If anyone lived and breathed Beloit College gold, his name was George Lucius Collie. Son of Joseph Collie, first student to enter Beloit College. Preparatory student. College student, class of 1881. Geology professor. First curator of the Logan Museum. Dean of the College. Acting president. He was also an intrepid explorer, circling the globe in 1910 and later participating in archaeological digs in France and Algeria. That vigor, along with his keen, active mind, led to a remarkably long and productive life. He remained active in Beloit College affairs until his death in 1954 at age 97.
Professor Richardson’s steady work on his massive unpublished history of Beloit College allowed the usually forward-looking Collie a good excuse to look backward. Well into his 90s, Collie began to write autobiographical pieces, some based on his voluminous diaries, others answering queries of Richardson’s. On Sundays the old man would meet Richardson at church and hand him a bundle of handwritten pages scrawled on his favorite odd-sized yellow stationery. Back home on Church Street, Richardson read through Collie’s notes and then filed them away.
Collie wrote at length about his student days during the 1870s, a period in which the college had established itself and yet still retained much of its pioneering character. Later on, as Dean of the College, Collie often had to play the part of stern disciplinarian. He was, however, something of a rascal as a student. Here he tells yet another story involving the college’s popular “professor of dust and ashes,” janitor John Pfeffer, who left his native Germany in 1850 and began toiling at the college in 1866. Pfeffer (pictured below this passage) was greatly proud of his new house, built in 1874, pictured above:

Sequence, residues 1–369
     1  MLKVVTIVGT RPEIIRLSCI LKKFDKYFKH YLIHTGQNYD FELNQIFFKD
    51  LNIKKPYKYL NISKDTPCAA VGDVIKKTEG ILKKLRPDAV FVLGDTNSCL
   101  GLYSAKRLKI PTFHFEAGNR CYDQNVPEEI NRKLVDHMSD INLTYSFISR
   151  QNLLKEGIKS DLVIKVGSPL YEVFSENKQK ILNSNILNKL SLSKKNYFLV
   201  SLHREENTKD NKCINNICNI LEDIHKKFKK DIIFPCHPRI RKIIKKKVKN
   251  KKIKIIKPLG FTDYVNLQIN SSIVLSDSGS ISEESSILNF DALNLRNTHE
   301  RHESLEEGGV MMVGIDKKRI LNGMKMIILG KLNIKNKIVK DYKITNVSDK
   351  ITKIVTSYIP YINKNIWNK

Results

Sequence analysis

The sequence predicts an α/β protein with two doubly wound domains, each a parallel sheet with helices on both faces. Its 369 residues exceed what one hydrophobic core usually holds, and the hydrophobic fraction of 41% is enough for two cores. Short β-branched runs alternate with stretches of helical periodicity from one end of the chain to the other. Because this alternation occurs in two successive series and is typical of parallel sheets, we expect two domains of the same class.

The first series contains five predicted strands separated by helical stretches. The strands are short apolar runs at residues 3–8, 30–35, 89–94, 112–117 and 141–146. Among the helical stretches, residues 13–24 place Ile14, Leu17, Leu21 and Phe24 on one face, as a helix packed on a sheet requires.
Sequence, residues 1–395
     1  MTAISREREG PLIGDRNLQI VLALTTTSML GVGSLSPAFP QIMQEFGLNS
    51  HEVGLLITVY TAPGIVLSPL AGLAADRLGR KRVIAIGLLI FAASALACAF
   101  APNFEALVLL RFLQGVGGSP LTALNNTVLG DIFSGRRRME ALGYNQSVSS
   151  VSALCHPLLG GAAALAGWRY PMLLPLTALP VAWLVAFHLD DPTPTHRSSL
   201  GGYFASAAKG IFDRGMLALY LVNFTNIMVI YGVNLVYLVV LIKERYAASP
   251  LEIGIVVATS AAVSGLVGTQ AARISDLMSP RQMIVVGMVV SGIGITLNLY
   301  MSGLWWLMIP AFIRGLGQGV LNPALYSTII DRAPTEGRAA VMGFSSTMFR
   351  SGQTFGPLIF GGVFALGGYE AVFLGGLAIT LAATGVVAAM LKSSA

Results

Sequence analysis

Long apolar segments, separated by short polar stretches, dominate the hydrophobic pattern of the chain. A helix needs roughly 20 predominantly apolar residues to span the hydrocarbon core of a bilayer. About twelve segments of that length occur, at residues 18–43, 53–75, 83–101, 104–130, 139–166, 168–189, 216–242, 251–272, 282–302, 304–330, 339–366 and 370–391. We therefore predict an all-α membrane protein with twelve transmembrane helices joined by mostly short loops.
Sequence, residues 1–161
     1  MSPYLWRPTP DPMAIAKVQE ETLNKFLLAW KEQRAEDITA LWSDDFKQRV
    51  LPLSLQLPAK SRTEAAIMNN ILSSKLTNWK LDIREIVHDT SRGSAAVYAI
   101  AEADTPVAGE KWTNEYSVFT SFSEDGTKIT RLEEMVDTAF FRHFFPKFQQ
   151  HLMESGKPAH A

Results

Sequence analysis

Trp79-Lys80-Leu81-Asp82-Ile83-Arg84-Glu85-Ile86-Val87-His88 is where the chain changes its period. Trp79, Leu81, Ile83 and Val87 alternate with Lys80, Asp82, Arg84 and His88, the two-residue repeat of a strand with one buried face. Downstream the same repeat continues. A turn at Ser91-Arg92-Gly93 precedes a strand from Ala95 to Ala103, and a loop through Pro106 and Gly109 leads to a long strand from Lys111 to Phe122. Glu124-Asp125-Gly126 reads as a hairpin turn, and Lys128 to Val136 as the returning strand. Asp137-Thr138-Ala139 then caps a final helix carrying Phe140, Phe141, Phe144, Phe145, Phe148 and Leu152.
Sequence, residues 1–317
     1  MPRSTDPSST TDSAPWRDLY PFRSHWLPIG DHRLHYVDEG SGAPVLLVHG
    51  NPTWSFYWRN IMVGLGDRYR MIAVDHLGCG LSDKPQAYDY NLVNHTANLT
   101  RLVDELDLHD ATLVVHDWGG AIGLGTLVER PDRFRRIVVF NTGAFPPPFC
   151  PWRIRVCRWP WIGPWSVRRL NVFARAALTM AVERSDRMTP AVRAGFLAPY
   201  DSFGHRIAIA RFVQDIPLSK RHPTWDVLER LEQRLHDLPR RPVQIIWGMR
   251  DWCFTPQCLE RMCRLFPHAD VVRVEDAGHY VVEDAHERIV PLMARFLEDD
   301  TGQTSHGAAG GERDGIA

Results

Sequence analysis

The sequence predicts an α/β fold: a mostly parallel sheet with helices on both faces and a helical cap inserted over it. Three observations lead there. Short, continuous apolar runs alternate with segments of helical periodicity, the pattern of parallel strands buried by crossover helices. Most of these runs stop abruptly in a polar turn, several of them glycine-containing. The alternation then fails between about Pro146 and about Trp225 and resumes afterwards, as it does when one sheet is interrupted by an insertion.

In 1876 the writer roomed at home of John Pfeffer, other students in the house were Jones, Gurley, R. Leavitt, H.H. Leavitt and Anthony. One night we had a feed of doughnuts and hard cider. The two Leavitts refused to join us saying they preferred to call on some young ladies. After they left we called in two outsiders and by this time we were well fortified by the effects of the hard cider. We decided to give the Leavitts a lesson for their indifference toward our society. We went to their room, dismantled their bed, dragged the mattress out into the hall, ripped it open and scattered the husks up and down the narrow hallway, the accumulation was knee deep in places.
Then we took the mattress and filled it with stove wood, put it on the bed, replaced the sheets and blankets, then retired to our rooms.
When the Leavitt boys returned and found what had happened they created an uproar which aroused the Pfeffer household. Old John came upstairs and when he saw the wreckage his anger knew no bounds.
He called to us to come out and explain our actions but no one appeared, then he said, “You poys vill suffer for dis. I vill tell der president to come here inder morning.” True to that threat President Chapin appeared, waded through the husks up and down the hall. We culprits stood around while the inspection was going on but the president left without saying a word to us. That looked ominous and we began to see rustication or expulsion in the offing. Gurley and Collie screwed up their courage [and] went over to interview Dr. Chapin. We explained that no harm was intended; we simply let our exuberant spirits carry us too far.